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Former RMCH CEO sues staff, board

WINDOW ROCK

The former CEO of the Rehoboth McKinley Christian Health Care Services has fired back.

David Conejo was terminated on June 12 for allegedly mismanaging funds and creating an unsafe environment at the 60-bed hospital.

He filed a lawsuit against his former employer, Chief Medical Officer Valory Wangler, board of trustees Chairwoman Laura Hammons, former Lead Hospitalist Neil Jackson, Chief Nursing Officer Felicia Adams, Chief of Obstetrics and Gynecology Andrea Walker, urologist Christopher Hoover, Chief of Staff Mary Poel, Medical Assistant Jayne Ellis and John Does 1-10 and Jane Does 1-10.

The six-count lawsuit was filed with the U.S. District Court for the District of New Mexico in Albuquerque on July 24.

The suit alleges the hospital and staff purposely damaged the reputation of Conejo and his company, Healthcare Integrity. Several other allegations were made by the former CEO.

Rhonda Ray with RMCHCS emailed the Navajo Times on Monday, stating they were not going to comment on the lawsuit.

The lawsuit alleges the hospital and its staff damaged the reputation of Conejo’s company by publishing false and misleading information misrepresenting the quality of service Conejo and his company provided the hospital.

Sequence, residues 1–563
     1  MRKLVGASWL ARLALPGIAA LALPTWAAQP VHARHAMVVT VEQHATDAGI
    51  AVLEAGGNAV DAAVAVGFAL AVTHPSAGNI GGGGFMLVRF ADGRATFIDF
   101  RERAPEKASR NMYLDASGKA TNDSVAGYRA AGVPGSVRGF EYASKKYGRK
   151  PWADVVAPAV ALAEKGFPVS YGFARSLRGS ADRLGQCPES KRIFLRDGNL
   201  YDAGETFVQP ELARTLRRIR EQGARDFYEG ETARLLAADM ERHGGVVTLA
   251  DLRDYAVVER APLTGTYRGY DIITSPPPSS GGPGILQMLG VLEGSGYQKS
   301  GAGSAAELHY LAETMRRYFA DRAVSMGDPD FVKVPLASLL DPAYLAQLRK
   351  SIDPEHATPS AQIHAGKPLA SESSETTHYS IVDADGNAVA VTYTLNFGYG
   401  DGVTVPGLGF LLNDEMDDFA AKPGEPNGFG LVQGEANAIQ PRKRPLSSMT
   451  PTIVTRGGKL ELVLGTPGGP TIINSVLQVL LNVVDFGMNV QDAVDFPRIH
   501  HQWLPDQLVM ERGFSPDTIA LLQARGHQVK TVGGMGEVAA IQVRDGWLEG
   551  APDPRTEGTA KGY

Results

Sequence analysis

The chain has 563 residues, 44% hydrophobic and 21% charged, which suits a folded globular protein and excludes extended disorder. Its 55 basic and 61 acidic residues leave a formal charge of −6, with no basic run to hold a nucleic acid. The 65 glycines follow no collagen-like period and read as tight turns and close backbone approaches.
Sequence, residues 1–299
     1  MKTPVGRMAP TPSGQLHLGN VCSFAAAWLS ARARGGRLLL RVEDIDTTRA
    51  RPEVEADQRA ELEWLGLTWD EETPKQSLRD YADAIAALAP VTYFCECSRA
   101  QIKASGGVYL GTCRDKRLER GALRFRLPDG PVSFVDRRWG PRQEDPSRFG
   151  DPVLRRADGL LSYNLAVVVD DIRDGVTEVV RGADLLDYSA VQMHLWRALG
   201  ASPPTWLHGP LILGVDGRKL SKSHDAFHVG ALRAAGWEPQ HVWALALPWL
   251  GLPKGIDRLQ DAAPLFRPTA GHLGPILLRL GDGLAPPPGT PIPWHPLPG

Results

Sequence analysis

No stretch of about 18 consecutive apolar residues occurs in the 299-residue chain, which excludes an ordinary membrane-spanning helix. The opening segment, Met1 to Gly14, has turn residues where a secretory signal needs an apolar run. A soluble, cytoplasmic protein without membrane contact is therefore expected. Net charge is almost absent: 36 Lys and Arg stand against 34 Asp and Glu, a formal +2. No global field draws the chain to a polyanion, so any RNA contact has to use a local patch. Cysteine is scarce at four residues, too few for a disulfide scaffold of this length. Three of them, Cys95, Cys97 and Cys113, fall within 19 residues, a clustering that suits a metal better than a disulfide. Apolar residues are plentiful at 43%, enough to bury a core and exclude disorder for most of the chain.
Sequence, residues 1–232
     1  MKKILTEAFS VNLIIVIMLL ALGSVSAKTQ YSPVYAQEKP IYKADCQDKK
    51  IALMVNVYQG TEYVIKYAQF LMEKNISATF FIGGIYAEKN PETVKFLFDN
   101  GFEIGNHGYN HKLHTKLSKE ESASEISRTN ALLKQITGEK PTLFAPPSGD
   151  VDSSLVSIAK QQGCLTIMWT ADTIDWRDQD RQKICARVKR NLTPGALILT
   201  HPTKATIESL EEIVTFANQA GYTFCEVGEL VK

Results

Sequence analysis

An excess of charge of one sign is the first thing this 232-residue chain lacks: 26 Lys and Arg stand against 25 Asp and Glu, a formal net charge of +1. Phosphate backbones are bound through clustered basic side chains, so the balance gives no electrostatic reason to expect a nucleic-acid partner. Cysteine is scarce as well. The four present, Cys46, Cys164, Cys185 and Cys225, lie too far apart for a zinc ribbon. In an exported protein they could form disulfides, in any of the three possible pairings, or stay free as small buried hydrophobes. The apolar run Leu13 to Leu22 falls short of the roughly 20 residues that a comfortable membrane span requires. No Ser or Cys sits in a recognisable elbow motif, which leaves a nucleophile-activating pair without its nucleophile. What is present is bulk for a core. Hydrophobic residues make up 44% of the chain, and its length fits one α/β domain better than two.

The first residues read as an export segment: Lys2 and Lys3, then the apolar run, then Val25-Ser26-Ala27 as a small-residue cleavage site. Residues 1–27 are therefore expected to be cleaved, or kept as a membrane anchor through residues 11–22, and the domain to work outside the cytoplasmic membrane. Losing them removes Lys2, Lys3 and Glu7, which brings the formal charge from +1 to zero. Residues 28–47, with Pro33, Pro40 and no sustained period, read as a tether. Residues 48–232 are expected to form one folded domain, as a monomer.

According to the hospital’s 2017 tax forms, Conejo’s annual salary was $645,640 as CEO. His company made $305,441, according to the hospital’s 2018 tax forms.

Hospital staff, including Wangler, was involved in a protest against Conejo, accusing him of being incompetent to lead the second-largest hospital in Gallup.

At the time, Wangler said chronic issues with mismanagement by Conejo had become “acutely more challenging” since the COVID-19 pandemic and the staff was “struggling to care for the patients.”

“So, we’re out here today asking for the resignation by our CEO David Conejo,” Wangler said on May 8.

In his lawsuit against Wangler, Conejo claims that she, along with other staff members, waged a campaign to damage Conejo and his company before the “public eye” and to persuade the board to terminate the contract with Healthcare Integrity.

“In waging this campaign, RMCHCS and individual defendants conspired together to damage the business interests and business reputation of HCI and David Conejo,” the July 24 lawsuit said.